Project Title: Region, Religion, and Representation: Electoral Behavior in Indonesia
Faculty Sponsor and PI: Allen Hicken
Ph.D. Student: Jennifer Epley
This project is designed to examine the ways in which Indonesia's new electoral institutions are shaping a) the salience of religious and regional cleavages (voters attitudes towards regarding those cleavages), b) the behavior of voters and, c) the development of Indonesia's party system. After the collapse of the thirty-year-old Suharto regime, Indonesian reformers are attempting to craft a new democratic framework. During an earlier democratic experiment Indonesian governments made up of multiple, weak parties proved indecisive, corrupt, and ultimately unstable. In an effort to avoid the chaos of the 1950s the new constitution contains provisions aimed at reducing the number of parties at the national level and strengthening party organization. This includes provisions that effectively ban regional or local political parties from national elections. Also, for the first time since 1957, religious parties are now allowed to freely form and compete for elected office.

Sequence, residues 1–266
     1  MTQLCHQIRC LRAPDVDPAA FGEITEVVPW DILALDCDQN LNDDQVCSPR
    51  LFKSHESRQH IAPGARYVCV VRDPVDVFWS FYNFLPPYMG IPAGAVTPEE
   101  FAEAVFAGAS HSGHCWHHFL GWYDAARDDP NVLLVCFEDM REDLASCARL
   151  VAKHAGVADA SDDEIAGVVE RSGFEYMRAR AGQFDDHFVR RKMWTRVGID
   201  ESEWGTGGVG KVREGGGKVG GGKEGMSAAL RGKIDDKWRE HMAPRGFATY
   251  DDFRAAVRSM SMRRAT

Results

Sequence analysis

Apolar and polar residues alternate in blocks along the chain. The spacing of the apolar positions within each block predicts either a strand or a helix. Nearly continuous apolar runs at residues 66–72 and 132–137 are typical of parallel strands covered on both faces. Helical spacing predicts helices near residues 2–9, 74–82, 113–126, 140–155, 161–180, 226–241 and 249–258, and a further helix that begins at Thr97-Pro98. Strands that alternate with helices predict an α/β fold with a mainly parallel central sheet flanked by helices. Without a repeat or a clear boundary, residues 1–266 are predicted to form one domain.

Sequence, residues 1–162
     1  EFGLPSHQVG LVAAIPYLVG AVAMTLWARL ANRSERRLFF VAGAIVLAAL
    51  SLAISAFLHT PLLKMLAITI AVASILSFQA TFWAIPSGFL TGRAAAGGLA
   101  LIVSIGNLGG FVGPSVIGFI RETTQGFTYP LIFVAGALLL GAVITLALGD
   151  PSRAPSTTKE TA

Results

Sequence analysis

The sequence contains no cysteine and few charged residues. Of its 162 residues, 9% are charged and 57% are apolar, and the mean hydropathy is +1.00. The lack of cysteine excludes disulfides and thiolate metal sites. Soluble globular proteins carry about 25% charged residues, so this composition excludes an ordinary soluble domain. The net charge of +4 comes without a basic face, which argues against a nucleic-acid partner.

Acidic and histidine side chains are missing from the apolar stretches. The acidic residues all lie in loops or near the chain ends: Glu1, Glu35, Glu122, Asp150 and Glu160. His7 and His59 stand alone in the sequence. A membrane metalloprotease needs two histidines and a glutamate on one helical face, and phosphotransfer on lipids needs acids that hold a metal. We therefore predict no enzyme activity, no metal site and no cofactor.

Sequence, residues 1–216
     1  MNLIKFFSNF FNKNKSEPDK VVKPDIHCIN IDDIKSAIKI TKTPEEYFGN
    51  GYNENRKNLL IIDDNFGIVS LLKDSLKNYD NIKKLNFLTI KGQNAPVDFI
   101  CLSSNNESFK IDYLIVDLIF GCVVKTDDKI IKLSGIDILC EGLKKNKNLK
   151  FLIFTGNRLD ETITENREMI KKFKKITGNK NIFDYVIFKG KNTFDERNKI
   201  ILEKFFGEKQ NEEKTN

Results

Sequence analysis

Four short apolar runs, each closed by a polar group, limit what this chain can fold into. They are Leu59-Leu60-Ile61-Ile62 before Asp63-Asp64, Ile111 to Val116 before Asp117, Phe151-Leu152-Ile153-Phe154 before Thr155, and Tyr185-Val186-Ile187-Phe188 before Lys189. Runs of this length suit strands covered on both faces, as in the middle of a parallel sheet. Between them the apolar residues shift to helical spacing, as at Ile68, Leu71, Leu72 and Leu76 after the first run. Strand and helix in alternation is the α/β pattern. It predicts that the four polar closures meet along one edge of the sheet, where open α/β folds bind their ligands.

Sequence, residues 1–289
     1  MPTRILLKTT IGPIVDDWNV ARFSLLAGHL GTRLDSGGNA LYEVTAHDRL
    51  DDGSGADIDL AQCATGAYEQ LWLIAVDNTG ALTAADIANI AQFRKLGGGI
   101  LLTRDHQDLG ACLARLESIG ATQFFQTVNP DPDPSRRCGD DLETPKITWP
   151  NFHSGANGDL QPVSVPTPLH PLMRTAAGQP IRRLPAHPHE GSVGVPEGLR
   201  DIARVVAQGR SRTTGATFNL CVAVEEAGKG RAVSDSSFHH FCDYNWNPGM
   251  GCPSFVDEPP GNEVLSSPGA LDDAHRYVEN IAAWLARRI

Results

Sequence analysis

We are interested in the ways in ways the attitudes and behavior of Indonesia voters and party elite are being shaped by the electoral environment. We focus on the effects of allowing religious parties to compete in national elections while effectively barring local/regional parties. Specifically, we seek to test the following hypotheses (we are happy to supply more information on the logic behind each hypothesis upon request).
In addition to these hypothesis we are interested in investigating the effect of regional party bans on the strategies of regional partisans. To what extent and with whom do they ally for national electoral purposes? Is there are link between electoral exclusion and radicalization of regional groups?
Jennifer Epley, the graduate student applicant, will be spending the summer of 2005 in Indonesia working on this project as well as on her own dissertation. We are seeking funding to collect three types of data. First, we have developed contacts with Indonesia's foremost public opinion firm, the Indonesian Survey Institute, and need funds to include a series of questions on the identities, democratic attitudes, and voting behavior of Indonesians in the ISI's national survey. Second, we intend to collect electoral return data for both national and regional elections. Finally, Ms. Epley will conduct a series of semi-structured interviews with regional and religious party elite to begin to understand their strategic responses to the new electoral environment.